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Following strict guidelines to protect the vulnerable, voluntary, MAD is legal in the Netherlands

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(since 2002), Belgium (2002), Luxembourg (2009), and Switzerland (1942), for mentally competent

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individuals who are terminally ill, severely disabled or very elderly with medical problems.

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In Canada (2016) and the American States: Oregon (1997), Washington State (2009), Vermont

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(2013), California (2015) and Colorado (2016) PAS is now legally possible for the terminally ill. In

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2009, although not officially legalizing assisted suicide, the Montana Supreme Court’s ruling changed

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the legal status of PAS under the state’s living will law, ‘The Rights of the Terminally Ill Act,’

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permitting physician ‘aid in dying,’ so if charged with assisting a suicide, a doctor could use the

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patient’s request as a defence [28].

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As far back as 1997, Colombia’s High Court ruled that doctors could not be prosecuted for

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helping patients with a terminal illness make the legal decision to end their lives. Conditions which

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must be met include a medical determination that the patient has a terminal illness, and the patient’s

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consent [29]. In April 2015 the Constitutional Court ordered the Health Ministry authorities to set

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guideline protocols for medical practitioners to reassure them that they would not be prosecuted for

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PAS of adults in their terminal phase of illness, but excluding patients with degenerative diseases. A

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committee comprised of a medical expert, a lawyer, and mental-health professional then have 10 days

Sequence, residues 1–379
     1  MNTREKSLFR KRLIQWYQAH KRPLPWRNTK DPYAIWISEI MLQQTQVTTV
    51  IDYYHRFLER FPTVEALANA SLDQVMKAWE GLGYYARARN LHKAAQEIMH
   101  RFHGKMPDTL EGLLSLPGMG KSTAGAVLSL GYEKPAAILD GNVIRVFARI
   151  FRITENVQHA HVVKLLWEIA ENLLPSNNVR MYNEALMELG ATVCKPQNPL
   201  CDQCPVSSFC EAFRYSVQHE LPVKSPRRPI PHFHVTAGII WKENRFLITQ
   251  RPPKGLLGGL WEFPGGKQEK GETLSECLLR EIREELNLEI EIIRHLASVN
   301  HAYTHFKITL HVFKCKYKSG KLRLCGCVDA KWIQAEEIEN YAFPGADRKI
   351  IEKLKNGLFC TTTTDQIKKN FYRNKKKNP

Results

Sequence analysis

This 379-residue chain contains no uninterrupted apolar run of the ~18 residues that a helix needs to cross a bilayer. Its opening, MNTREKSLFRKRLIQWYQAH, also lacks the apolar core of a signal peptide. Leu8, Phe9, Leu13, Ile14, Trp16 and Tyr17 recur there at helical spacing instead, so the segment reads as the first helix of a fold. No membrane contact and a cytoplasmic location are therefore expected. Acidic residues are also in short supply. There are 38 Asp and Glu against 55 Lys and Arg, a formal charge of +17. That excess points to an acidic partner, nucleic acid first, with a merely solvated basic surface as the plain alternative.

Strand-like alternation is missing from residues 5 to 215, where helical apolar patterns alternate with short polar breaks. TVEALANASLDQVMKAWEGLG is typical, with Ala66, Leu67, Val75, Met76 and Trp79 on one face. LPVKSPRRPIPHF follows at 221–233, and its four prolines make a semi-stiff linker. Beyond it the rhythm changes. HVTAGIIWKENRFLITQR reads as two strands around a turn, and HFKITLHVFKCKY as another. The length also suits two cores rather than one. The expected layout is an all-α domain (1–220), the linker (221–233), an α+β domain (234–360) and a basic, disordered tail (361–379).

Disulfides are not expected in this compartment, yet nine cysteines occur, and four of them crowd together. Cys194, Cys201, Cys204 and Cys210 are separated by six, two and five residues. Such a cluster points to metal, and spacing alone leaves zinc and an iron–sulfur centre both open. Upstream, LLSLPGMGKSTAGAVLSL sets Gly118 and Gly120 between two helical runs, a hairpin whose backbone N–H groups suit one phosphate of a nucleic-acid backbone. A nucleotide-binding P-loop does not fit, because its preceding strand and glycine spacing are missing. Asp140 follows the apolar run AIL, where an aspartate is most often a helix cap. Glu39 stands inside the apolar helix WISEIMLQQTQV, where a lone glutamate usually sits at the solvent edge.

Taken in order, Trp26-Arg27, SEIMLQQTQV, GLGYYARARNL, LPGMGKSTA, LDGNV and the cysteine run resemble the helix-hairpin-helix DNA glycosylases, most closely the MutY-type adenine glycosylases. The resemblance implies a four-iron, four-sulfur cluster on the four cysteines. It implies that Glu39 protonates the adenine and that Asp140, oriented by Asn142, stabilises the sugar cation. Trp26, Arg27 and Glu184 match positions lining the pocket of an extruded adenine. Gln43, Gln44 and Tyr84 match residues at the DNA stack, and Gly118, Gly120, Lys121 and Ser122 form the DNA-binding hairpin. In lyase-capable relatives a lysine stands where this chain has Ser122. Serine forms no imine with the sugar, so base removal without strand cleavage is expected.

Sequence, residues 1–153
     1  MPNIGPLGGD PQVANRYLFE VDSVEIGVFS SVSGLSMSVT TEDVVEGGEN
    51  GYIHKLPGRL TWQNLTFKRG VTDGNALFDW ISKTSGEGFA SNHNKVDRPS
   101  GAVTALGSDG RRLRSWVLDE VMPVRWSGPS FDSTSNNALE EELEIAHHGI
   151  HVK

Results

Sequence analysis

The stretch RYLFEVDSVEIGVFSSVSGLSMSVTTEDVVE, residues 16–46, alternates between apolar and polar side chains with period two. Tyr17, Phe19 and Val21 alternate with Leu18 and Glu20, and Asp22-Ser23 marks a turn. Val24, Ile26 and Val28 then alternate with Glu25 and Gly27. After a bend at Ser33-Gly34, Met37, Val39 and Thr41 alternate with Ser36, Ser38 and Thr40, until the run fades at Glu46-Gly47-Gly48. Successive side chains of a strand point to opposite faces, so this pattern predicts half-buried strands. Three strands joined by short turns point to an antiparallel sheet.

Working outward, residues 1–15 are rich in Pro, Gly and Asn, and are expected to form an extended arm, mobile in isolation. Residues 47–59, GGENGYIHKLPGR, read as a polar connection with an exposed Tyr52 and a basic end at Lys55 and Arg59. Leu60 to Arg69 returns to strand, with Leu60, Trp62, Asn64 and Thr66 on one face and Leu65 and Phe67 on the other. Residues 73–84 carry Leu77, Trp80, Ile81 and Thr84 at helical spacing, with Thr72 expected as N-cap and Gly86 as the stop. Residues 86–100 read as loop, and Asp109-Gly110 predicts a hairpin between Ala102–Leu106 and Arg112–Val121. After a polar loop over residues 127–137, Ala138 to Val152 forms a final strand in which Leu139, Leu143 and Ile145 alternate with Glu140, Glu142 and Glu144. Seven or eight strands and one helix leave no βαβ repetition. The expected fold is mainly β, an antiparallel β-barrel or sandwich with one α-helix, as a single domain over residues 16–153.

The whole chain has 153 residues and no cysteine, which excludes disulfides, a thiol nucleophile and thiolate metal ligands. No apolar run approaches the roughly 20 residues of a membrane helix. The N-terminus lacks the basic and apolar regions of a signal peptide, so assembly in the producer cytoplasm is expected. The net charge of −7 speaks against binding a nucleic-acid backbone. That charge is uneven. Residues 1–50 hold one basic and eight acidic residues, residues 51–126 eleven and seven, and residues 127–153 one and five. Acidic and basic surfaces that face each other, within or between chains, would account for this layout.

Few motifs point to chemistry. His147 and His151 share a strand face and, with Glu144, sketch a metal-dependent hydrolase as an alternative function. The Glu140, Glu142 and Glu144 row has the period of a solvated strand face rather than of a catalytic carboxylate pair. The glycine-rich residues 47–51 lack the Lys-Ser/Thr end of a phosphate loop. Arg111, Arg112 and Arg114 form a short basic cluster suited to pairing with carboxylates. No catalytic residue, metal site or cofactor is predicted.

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to reach an agreement that the patient qualifies for euthanasia [30].

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Currently any practice of euthanasia is illegal in China, and some people argue that euthanasia

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legislation should be considered only when the medical care system, the moral standing of medical

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staff and the social insurance system have been greatly improved [31].

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On Friday 11th September 2015, 330 (v 118) MPs voted in Westminster against the Assisted Dying

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(No 2) Bill which Labour MP Rob Marris had brought before them, (originally Lord Falconer's bill).

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Rob Marris: ‘The Bill is not about euthanasia; it is about the self-administration of lethal medication

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at the end of life’ [32] (column 659). In 1981 Prince Philip was quoted as saying ‘Once a determined

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government begins the process of eroding human rights and liberties – always with the very best

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possible intentions – it is very difficult for individuals or for individual groups to stand against it’

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[33]. Most of the MPs’ arguments against the Bill were to ‘protect the vulnerable’. Yet people of 80

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years of age or older is the least common age group for euthanasia and assisted suicide in the

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Netherlands [34].